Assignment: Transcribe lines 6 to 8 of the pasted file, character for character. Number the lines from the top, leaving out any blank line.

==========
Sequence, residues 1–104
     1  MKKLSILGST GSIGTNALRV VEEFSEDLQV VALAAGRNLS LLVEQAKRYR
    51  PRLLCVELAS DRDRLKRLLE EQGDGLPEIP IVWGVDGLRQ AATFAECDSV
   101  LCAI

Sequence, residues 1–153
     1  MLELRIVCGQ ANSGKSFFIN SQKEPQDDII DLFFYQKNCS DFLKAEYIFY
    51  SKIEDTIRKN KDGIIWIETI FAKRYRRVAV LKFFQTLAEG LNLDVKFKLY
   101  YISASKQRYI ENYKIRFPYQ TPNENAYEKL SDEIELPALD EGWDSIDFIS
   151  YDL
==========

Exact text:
     1  MLELRIVCGQ ANSGKSFFIN SQKEPQDDII DLFFYQKNCS DFLKAEYIFY
    51  SKIEDTIRKN KDGIIWIETI FAKRYRRVAV LKFFQTLAEG LNLDVKFKLY
   101  YISASKQRYI ENYKIRFPYQ TPNENAYEKL SDEIELPALD EGWDSIDFIS